The “scandal” and “controversy” regarding religion in the Air Force and Navy has much greater legs in the media than it does in the military itself. This is due in large part to the fact that, in the Air Force at least, religious policies have been generally accommodating. Situations quoted by the media are often isolated, sensationalized, or simply misunderstood. As an example, when the Air Force began investigating “religious intolerance” at the Air Force Academy, some cadets reported first hearing of the scandal in the news (p31, para 1, HQ report). While there may have been issues that needed resolved, they felt that the “scandal” was generated by the media. Even the religious guidelines issued by the Air Force as a result of the Academy investigation had little noticeable impact on the daily life of a religious military member.
The unquantifiable damage done by the hype surrounding religious issues—whether or not they are subsequently substantiated—could be significant. Cadets at the Air Force Academy expressed hesitation at mentioning religion at all for fear they would spark a congressional investigation (p31, para 1, HQ report). Likewise, active duty military members in all branches have seen the impact of a simple religious word or expression on the part of certain individuals. Promotions have been delayed and jobs lost over what may, in the end, have been only a news story. Such dramatic repercussions put officers in the uncomfortable position of “self-restricting” their religious expression in order to avoid any controversy. While the “religious guidelines” may not prevent free exercise, self-restricting to avoid the impulsive court of public opinion may cause the same effect.
In large part this controversy has been fed by misunderstanding and misinformation. For example, while news organizations have used the controversy surrounding this year’s Defense Authorization Act to revisit last year’s Air Force “scandal,” Chaplains’ public prayers have primarily been a Navy concern. The Air Force controversy—and the subject of its current lawsuit—is that of a superior officer’s permissible religious expression, which was not at all affected by the legislation’s proposed language.
In another example, Rep. Israel has repeatedly used the story of an Air Force Academy Chaplain telling cadets that their unsaved friends would “burn in the fires of hell” as an example of the blatant proselytizing that should be prohibited. On the floor of the House he recently said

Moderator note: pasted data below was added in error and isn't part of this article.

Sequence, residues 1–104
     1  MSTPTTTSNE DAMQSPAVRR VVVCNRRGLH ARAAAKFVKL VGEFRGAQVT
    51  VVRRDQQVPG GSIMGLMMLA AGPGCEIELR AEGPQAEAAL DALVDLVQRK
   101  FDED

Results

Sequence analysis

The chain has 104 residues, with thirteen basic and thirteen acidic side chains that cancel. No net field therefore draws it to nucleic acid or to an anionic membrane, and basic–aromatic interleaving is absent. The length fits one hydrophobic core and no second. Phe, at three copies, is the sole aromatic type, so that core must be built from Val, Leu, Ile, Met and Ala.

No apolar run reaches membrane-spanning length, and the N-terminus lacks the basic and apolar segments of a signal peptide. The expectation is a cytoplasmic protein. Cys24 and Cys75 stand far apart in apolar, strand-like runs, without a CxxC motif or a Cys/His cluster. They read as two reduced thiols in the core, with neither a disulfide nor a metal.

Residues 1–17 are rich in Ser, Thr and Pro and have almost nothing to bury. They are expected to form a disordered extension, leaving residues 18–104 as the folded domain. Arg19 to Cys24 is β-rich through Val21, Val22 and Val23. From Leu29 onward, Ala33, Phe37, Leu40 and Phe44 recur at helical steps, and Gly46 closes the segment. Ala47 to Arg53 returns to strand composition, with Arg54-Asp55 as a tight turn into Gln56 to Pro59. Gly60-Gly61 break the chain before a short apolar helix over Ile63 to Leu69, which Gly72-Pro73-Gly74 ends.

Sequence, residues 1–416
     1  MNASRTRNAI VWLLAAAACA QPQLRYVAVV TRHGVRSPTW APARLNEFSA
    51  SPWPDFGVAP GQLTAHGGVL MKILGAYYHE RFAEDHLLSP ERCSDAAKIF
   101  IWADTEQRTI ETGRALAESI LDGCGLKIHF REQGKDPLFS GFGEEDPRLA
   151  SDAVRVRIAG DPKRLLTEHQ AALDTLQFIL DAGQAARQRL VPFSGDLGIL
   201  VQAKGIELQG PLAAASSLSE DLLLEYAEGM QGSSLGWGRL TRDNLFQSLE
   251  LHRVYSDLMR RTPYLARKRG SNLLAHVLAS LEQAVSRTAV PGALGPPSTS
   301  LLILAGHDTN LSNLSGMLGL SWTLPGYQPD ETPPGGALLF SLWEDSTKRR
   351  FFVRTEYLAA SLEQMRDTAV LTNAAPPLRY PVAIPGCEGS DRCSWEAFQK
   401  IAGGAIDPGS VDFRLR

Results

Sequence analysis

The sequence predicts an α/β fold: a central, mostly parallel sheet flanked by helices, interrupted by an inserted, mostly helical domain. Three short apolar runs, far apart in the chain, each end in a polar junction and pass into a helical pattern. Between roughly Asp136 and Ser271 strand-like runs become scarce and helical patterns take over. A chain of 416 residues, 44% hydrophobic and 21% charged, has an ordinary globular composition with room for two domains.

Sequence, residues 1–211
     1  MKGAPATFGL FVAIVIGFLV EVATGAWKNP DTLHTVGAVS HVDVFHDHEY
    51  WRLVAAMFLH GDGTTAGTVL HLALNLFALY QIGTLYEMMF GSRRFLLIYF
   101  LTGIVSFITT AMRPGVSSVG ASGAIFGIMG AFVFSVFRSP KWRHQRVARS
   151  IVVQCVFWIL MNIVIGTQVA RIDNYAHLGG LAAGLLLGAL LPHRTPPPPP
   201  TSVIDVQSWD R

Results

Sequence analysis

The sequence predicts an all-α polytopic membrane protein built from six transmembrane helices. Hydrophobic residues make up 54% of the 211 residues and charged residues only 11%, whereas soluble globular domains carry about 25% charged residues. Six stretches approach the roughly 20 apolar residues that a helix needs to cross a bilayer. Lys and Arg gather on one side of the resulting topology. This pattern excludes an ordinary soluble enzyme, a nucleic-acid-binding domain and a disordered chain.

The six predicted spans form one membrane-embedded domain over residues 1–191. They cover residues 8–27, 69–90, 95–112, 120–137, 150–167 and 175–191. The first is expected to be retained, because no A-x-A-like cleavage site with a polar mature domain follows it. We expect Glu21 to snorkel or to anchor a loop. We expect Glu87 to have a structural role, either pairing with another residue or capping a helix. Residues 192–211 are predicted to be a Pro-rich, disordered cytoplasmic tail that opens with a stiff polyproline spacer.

For those of you who believe in the right of the military chaplain who told cadets willing to die for their country that they would burn in the eternal flames of hell unless they abandoned their religious beliefs, we have a profound and irreconcilable difference.
First, the Chaplain in question denied making the alleged quote, which means the Congressman is quoting unsubstantiated allegations as fact. Second, a Protestant cadet in a Protestant Chapel service would expect to hear such language from a Protestant Chaplain, as was the case. In fact, the Air Force’s official review of the Academy religious climate noted that the Chaplain was expressly permitted to use such “offensive” language:
While these comments, if they were made, may be considered offensive or unnecessarily strident by some, they are not uncommon expressions of [the Chaplain’s denominational] doctrine. It should be noted that the freedom to express one’s religious views in a voluntary worship service designated for a particular faith group is a condition of endorsement by a chaplain’s sponsoring organization. (page 10, para 2, HQ report)
If Congressman Israel’s “sensitivity” amendment restricted the content of a Protestant Chaplain’s sermon in a Protestant chapel service—as it appears he wants it to—he could potentially prevent the free exercise of the Protestant military members who would attend that service, as well as that of the Protestant Chaplain himself.
As indicated by the Conference Committee’s report, this issue will likely see public debate again beginning in January’s congressional session. It is unclear what, if any, direction the congressional action will take—particularly given the intervening election in November. Rep. Israel has said that Congress will need to create “a new set of guidelines that reflect America’s mainstream values and ensure good order and discipline on our military bases.” The direction those guidelines would take is uncertain.
The good news? The debate isn’t over. The bad news? The debate isn’t over…